A new museum exhibit showcases the confines of domestic life through art just in time for Women’s History Month.
The National Museum of Women in the Arts is presenting “Women House,” an exhibit aimed at challenging a woman’s place in society and reimagining their relationships in the home. In celebration of Women’s History Month, “Women House” will be open through May 28 with student tickets for $8.
The exhibit pays homage to “Womanhouse,” a 1972 exhibition organized by two artists, Judy Chicago and Miriam Schapiro, in Los Angeles. In addition to works from the original exhibit, “Women House” features pieces from the 1960s through today. Orin Zahra, the assistant curator at the museum, said the exhibit balances older works with new artist exhibitions.
“This exhibition takes that really important feminist moment in time as inspiration to once again explore how contemporary artists approach the issue of home and domestic space,” Zahra said.
The exhibit starts off with a few centerpieces to help visitors delve into the mindset of the artists. Nil Yalter, a Turkish artist, has a piece titled “Topak Ev” that resembles an Anatolian yurt, which is a large tent-like structure made from various items like lambskin and felt. The piece is empowering in that it’s a space designed by women for women, but the structure also represents a sort of prison as the males did not allow the women to leave the tent.
Mona Hatoum’s “Home” is a wooden table where 15 steel kitchen utensils are displayed. At first glance it may look like a traditional dining table, but the utensils are connected to each other through wires running a live electrical current. The kitchen is seen as a space for women to provide nourishment and comfort to their families, but this exhibit shows how ambivalent the artists feel toward traditional ideas about women managing the household.
“She often likes to introduce a physical or psychological disturbance to contradict those expectations,” Zahra said of the artist.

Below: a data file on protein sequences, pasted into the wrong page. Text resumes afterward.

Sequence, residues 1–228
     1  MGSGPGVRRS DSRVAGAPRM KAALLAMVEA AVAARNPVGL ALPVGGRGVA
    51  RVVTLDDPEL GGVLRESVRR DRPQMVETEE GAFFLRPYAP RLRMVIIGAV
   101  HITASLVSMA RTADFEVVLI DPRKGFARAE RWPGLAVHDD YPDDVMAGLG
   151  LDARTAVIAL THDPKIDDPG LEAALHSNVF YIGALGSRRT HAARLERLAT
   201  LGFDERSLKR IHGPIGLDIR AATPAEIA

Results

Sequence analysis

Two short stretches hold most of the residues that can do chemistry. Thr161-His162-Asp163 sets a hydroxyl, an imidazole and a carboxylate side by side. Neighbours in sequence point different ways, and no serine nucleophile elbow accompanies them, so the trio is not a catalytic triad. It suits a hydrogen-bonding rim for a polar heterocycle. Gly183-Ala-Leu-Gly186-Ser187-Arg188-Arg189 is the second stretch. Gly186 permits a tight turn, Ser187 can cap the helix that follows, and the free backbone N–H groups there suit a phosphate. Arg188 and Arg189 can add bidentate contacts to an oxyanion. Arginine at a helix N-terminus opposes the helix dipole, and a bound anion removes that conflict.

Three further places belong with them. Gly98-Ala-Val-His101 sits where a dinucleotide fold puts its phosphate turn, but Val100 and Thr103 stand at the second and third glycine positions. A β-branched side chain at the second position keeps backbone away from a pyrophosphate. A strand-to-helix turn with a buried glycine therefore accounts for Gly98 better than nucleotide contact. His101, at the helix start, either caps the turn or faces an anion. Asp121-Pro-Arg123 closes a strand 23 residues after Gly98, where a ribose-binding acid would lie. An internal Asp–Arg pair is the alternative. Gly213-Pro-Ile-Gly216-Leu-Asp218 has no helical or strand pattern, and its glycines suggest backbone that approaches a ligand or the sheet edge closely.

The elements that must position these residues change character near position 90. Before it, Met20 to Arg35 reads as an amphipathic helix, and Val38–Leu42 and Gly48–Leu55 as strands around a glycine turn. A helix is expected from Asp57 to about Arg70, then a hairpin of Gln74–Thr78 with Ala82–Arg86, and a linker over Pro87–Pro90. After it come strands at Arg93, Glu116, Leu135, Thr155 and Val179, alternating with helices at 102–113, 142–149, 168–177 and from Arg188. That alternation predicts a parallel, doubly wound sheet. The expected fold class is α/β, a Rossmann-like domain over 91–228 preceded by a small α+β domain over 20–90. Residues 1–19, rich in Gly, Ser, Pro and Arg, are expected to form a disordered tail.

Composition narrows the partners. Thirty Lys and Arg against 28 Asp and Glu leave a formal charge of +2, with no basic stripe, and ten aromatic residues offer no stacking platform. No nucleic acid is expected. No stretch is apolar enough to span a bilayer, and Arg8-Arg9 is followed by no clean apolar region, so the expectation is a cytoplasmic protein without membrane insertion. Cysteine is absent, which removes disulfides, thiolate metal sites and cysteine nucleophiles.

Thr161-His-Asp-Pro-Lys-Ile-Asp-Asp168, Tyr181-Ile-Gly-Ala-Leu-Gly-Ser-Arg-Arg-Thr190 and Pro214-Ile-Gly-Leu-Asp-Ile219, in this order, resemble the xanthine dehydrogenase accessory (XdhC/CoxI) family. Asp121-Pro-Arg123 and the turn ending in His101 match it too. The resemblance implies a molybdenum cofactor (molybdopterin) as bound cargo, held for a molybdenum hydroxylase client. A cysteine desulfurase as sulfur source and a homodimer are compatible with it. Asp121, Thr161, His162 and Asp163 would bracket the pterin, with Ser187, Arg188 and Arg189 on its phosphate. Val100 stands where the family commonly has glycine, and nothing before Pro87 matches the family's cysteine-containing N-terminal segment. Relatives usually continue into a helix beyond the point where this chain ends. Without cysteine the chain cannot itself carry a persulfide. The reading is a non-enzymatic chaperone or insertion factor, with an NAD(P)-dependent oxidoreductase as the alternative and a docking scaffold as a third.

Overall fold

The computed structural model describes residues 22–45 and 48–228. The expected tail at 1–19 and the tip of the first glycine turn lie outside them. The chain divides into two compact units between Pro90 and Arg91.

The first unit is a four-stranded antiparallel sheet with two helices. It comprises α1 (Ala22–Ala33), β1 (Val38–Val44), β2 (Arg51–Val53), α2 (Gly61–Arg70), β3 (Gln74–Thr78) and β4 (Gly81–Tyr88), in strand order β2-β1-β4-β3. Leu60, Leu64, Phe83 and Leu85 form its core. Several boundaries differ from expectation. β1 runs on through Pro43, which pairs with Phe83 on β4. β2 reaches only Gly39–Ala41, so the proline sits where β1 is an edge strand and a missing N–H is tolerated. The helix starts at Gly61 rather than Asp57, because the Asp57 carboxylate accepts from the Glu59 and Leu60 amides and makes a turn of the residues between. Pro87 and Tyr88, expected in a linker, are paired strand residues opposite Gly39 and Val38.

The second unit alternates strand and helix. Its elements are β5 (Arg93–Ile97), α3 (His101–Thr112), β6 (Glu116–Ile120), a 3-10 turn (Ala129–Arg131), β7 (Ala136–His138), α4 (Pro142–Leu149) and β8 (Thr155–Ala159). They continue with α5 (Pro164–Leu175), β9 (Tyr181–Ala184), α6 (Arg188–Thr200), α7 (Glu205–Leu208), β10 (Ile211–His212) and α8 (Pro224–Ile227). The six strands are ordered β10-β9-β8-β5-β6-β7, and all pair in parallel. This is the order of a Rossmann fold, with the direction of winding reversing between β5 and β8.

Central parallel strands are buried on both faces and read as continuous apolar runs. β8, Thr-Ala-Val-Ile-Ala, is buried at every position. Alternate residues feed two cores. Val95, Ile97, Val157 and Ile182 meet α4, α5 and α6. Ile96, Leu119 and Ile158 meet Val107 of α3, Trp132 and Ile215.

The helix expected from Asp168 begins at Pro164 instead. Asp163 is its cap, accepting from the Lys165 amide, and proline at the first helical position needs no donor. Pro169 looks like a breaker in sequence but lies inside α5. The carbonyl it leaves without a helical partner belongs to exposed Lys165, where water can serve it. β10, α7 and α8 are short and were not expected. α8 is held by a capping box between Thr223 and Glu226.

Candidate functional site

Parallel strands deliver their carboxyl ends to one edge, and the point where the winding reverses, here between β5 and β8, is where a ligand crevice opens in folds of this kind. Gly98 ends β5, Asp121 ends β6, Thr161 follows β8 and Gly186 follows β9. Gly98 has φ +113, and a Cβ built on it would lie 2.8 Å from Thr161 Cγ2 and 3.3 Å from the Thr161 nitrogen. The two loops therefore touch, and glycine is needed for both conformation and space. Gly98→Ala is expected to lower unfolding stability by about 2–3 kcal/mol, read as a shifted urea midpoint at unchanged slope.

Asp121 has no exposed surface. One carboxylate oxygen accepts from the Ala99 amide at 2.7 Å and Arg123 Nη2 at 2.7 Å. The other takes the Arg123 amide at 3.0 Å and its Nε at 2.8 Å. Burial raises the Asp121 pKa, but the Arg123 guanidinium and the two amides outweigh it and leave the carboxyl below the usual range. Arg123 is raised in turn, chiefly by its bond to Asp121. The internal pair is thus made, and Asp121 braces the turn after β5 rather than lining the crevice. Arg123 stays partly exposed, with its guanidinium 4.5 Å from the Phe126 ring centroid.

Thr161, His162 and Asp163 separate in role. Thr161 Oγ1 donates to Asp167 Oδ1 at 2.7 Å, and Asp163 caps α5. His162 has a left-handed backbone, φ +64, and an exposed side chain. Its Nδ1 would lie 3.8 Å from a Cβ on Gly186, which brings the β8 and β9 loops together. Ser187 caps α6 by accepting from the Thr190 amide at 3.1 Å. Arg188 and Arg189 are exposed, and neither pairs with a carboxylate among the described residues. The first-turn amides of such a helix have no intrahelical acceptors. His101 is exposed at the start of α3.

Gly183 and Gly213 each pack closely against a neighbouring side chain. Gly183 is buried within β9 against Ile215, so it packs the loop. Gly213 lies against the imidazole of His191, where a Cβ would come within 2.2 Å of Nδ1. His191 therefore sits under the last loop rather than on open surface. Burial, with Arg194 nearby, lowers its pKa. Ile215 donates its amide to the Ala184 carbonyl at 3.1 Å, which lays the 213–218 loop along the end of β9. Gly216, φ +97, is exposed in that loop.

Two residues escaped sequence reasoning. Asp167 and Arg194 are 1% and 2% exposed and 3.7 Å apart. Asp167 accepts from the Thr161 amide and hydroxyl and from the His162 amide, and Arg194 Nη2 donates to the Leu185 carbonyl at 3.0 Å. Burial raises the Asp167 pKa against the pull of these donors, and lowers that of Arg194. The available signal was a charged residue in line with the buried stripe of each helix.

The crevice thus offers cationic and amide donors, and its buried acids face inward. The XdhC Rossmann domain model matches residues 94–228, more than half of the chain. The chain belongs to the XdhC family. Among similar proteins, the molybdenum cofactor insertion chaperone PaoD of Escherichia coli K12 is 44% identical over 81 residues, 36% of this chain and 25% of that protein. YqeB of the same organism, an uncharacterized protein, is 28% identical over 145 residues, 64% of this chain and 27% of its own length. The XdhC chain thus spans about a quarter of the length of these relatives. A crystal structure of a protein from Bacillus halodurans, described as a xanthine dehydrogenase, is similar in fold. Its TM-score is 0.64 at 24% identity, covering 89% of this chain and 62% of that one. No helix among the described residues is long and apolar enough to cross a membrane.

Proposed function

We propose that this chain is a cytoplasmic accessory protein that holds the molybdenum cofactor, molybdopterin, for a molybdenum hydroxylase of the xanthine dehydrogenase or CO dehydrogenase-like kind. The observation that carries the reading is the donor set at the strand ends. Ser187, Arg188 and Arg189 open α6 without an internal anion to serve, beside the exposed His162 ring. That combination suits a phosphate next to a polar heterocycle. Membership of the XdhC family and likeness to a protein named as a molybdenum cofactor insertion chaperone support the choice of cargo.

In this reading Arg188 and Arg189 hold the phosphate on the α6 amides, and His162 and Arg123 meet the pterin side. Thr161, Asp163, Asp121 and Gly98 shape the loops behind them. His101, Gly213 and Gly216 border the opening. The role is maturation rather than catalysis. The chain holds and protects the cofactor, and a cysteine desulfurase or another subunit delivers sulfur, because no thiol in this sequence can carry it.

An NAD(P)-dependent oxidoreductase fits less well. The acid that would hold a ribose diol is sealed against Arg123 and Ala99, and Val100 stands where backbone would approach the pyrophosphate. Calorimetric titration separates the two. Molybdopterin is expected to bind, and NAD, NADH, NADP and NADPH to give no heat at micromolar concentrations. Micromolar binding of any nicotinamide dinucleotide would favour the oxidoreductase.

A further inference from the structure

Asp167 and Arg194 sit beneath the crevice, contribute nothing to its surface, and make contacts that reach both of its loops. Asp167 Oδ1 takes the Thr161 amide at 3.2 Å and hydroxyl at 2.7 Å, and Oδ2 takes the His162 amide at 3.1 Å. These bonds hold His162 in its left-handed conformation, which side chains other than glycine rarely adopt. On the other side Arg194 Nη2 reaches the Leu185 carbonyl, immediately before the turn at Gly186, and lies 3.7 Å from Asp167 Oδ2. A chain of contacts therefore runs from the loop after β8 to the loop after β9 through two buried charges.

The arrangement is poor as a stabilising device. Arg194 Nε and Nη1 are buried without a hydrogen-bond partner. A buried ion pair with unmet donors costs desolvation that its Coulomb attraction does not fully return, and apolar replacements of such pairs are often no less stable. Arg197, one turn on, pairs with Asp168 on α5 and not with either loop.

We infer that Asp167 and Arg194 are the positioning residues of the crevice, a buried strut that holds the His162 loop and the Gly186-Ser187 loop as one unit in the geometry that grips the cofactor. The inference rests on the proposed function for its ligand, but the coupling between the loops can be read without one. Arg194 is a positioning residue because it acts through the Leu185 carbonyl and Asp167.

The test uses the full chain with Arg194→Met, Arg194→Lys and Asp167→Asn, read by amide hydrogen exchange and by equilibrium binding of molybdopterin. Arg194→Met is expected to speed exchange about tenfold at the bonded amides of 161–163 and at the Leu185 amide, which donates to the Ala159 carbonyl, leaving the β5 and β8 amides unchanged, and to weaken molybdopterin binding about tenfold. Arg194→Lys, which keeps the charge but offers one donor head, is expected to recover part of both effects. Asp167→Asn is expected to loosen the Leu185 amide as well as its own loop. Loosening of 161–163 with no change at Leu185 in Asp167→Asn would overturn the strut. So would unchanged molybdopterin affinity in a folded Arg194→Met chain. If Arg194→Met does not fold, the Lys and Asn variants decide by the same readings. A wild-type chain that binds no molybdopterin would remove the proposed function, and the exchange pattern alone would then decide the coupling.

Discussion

The exhibit is divided into eight themes. Each theme has at least one room dedicated to it and multiple pieces ranging from photos to videos to paintings. Some themes are inspired by famed feminists like Virginia Woolf, and others are based on political events – like the fall of the Berlin Wall.
“These themes are really intended to show the plurality and multiplicity of viewpoints that women have when they approach the issue of home and domestic space,” Zahra said.
The first prominent theme showcases Miriam Schapiro’s exhibit “Dollhouse,” which is a dollhouse that depicts dangerous items in each room. A spider is found in the nursery, a group of men are looking into the kitchen through the window and a snake is spotted in the living room. All of the items are meant to emphasize the confines and stereotypes of a woman’s domestic experience.
Artist Louise Bourgeois’s paintings capture the overwhelming burden the house places on women through her piece “Femme Maison,” which translates to woman house. In the piece, a house sits on top of a woman’s body that has no head, arms or legs. The idea that the woman is being devoured by her home is also complemented by the oversexualization of the woman’s body, as her breasts are pronounced and prominent, but she has no head or brain.
All these themes complement, contradict or even just exist next to each other and bring out the different ideas, thoughts and feelings behind each struggle women have faced.